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In another question, jasonh mentions a scheme for locking a laser to a resonant cavity called 'tilt locking':

The signal is used for locking the frequency of a laser to a high finesse cavity. The lock has to be stable enough for intensity and phase fluctuations resulting from e.g. acoustic vibrations of the cavity to be strongly suppressed. The error signal is created via the tilt locking scheme, i.e. it is the difference of intensities on two halves of a split photo diode.

I'm familiar with Pound-Drever-Hall locking of a laser cavity, but I've never heard of 'tilt locking' before. How does it work?

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Consider an optical cavity whose length you want to stabilize such that the cavity stays on resonance with the TEM00 mode of a laser. The basic idea of the tilt locking scheme is to use the phase of an off-resonant mode (TEM10) as a stable phase reference to which the changes in phase of the resonant part (TEM00) of the beam can be compared.

To expand a bit: Also very close to the cavity resonance some part of the TEM00 light is going to be reflected. The phase of this near-resonant light depends extremely sensitively on the exact cavity length (note that here and in what follows I always talk about the phase of the light reflected from the cavity). The phase actually changes sign on resonance so in principle the phase of the reflected TEM00 component could be used as an error signal which--if stabilized to zero using a feedback loop--would keep the cavity on resonance with the TEM00 of the laser.

Unfortunately, you can only measure the phase of the near-resonant mode by comparing it to a stable phase reference in an interferometric measurement. In the tilt locking scheme the TEM10 mode provides you with this phase reference. In most cavities, the TEM10 and TEM00 modes are not resonant simultaneously because of the difference in Gouy phase. Hence, if TEM00 is resonant, TEM10 is off-resonant which means that its phase is very insensitive to the exact cavity length.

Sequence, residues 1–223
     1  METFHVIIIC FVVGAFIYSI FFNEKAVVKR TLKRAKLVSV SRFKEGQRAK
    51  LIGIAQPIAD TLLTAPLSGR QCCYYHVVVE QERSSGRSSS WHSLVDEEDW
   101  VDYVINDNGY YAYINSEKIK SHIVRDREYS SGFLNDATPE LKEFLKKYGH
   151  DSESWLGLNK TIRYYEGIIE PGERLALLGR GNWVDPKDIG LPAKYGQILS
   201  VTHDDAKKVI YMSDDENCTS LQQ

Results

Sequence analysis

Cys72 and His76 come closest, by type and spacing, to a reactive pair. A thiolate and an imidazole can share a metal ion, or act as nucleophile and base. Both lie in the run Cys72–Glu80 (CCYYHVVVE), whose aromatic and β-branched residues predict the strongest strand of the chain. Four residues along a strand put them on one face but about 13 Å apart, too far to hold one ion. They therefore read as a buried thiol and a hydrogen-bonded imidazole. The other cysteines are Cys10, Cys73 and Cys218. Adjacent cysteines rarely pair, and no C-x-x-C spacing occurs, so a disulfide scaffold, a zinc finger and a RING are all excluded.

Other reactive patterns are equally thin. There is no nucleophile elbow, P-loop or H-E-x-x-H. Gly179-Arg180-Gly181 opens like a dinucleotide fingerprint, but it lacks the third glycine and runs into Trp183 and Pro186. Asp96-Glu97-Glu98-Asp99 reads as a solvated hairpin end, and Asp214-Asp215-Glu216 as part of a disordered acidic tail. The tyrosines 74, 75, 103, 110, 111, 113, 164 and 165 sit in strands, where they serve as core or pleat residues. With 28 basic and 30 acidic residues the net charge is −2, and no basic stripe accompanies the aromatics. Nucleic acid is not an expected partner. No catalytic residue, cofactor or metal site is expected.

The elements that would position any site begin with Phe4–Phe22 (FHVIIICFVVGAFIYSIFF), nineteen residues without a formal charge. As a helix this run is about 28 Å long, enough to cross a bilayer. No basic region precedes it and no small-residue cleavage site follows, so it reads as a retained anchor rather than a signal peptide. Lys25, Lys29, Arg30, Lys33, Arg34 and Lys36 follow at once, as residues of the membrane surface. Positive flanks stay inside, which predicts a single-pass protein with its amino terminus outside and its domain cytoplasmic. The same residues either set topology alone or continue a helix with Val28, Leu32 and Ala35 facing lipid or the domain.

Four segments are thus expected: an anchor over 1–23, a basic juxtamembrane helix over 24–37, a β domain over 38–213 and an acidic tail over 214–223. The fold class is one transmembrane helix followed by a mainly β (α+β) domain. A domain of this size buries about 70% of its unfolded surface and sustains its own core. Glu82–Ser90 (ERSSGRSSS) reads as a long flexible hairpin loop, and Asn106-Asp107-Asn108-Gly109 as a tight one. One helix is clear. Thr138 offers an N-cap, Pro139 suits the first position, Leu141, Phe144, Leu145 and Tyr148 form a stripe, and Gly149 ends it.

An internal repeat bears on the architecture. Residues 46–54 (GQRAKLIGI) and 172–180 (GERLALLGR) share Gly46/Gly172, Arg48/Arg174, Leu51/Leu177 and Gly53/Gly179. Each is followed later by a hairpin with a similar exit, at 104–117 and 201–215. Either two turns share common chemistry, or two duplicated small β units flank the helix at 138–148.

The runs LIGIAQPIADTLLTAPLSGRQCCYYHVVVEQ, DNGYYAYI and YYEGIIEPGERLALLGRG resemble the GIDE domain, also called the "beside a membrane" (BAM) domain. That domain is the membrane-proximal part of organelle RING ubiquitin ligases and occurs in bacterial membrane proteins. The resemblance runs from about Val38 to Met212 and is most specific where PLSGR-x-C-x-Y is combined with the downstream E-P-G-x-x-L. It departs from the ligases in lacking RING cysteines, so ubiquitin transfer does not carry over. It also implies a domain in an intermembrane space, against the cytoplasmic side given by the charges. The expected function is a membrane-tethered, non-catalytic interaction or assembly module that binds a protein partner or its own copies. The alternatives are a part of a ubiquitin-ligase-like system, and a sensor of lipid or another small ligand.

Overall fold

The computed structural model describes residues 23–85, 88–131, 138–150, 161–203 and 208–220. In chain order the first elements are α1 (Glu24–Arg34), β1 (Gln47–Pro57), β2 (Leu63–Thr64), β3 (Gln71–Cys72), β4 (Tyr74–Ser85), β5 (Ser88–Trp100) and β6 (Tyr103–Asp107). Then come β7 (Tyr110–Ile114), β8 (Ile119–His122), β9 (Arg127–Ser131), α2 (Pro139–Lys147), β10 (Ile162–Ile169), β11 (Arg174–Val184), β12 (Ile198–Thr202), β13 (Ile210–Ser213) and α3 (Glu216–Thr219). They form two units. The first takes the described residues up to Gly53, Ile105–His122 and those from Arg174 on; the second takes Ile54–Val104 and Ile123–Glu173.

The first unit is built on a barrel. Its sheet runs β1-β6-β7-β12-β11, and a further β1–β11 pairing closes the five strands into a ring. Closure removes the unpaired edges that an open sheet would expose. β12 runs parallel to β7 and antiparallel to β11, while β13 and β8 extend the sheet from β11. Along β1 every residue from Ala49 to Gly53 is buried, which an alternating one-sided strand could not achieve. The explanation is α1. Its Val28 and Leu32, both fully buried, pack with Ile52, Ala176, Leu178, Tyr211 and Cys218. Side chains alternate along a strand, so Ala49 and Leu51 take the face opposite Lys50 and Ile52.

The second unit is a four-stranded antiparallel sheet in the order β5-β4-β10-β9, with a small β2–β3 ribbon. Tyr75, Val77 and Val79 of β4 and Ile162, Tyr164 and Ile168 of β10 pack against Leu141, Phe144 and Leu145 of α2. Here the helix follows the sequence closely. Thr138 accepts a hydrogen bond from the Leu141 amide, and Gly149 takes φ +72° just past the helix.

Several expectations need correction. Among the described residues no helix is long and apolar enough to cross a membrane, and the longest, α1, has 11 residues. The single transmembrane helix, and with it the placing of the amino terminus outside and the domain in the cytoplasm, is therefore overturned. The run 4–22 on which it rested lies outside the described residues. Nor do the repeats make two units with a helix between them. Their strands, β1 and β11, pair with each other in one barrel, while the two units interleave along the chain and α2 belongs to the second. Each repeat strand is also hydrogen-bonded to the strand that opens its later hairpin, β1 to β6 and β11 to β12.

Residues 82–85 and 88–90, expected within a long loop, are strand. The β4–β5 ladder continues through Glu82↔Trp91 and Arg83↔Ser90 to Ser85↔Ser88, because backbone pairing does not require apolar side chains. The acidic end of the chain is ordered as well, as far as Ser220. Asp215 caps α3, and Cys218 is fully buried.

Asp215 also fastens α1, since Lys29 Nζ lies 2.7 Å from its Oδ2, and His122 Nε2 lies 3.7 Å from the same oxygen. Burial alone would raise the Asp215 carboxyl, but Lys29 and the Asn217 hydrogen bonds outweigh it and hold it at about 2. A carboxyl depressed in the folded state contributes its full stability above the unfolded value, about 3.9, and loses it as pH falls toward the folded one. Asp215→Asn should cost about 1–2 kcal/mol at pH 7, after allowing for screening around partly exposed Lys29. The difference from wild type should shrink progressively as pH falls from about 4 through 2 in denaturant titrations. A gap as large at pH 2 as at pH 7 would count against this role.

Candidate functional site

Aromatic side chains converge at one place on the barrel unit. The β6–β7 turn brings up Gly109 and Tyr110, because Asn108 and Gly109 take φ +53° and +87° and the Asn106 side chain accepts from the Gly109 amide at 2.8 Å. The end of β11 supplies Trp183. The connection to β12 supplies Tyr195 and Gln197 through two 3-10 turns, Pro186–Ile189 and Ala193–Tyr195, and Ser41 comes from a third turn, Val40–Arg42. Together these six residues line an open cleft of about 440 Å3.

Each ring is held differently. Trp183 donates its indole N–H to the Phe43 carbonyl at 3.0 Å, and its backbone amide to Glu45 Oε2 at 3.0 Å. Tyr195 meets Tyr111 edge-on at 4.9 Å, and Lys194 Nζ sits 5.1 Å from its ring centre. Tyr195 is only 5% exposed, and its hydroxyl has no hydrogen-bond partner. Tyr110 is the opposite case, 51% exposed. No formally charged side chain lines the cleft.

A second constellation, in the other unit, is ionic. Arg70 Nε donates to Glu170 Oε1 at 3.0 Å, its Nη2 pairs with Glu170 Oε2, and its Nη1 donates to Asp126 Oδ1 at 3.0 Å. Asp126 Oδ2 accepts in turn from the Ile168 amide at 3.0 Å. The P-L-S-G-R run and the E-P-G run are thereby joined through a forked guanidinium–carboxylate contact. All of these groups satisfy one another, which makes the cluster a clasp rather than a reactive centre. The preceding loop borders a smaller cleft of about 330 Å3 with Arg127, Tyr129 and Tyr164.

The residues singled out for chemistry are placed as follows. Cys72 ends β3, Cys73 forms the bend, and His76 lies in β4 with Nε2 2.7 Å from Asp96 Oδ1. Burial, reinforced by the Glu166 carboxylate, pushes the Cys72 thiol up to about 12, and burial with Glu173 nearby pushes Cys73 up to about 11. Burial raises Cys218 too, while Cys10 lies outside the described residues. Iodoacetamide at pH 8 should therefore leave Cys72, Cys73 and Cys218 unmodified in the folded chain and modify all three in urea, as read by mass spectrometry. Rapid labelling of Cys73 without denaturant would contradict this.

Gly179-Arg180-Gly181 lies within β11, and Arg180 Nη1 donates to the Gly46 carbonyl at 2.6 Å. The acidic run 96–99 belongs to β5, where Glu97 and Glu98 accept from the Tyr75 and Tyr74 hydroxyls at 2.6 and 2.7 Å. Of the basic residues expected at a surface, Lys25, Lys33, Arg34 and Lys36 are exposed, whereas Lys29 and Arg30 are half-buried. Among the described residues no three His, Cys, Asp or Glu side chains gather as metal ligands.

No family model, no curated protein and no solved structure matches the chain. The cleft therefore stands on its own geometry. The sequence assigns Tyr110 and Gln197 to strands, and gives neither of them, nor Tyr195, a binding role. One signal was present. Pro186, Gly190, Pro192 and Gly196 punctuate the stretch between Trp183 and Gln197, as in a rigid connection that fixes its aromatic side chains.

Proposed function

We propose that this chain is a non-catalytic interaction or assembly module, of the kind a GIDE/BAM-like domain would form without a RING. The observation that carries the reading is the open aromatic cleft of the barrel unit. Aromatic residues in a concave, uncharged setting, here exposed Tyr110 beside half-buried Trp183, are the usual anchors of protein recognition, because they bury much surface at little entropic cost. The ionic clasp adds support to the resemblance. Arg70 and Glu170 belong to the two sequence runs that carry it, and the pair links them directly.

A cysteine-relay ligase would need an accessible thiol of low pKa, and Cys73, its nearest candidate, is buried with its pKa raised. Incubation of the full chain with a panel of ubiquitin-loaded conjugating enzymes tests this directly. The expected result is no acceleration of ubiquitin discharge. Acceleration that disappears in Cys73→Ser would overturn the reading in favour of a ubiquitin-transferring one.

To perform the required interferometric measurement you need a split photo diode which is simply a photo diode with two halves, left and right. A split photo diode can detect the intensity of the incoming light on both halves separately plus a circuit which yields the intensity on the left half minus the intensity on the right half. The rest is most easily understood by looking at the picture on page 4 of these nice slides on tilt locking: www.ligo.caltech.edu/docs/G/G000276-00.pdf.

If the beam which is reflected from the cavity is focused onto such a split photo diode the situation is as follows: TEM10 has a positive phase on, say, the left and a negative phase on the right half of the split photo diode. TEM00 on the other hand is completely symmetric and has approximately the same phase in the whole detection area. If TEM00 is exactly on resonance, its phase is zero so that the combined contributions of TEM00 and TEM10 yield the same intensities on both halves, hence the difference is zero.

If TEM00 goes off resonant its phase is not zero anymore. Assume it's positive. Then the light fields of TEM00 and TEM10 are going to interfere constructively on the left half (where also TEM10 has a positive phase) and destructively on the right half (where TEM10 is negative) so that the difference in intensities is positive and the split photo diode produces a positive output voltage.

If on the other hand, the cavity length (or laser frequency) fluctuates in the other direction, TEM00 will acquire a negative phase which means that constructive interference with TEM10 now happens on the right half of the detector and destructive interference on the left half. In this case the split photo diode will produce a negative output voltage.

Hence, the output voltage of the split photo diode can be used as an error signal. From here on everything works the same way as in a Pound-Drever-Hall lock. Advantage: no need for modulation of the laser beam; you only need to make sure that you're not aligning the beam too perfectly to the cavity so that some TEM10 component is present in the reflected beam. Problems may arise due to the high sensitivity of the error signal on the exact location of the beam on the split photo diode; hence, the photo diode should be fixed well and you should not introduce optical components before the split photo diode which may cause significant beam wander.

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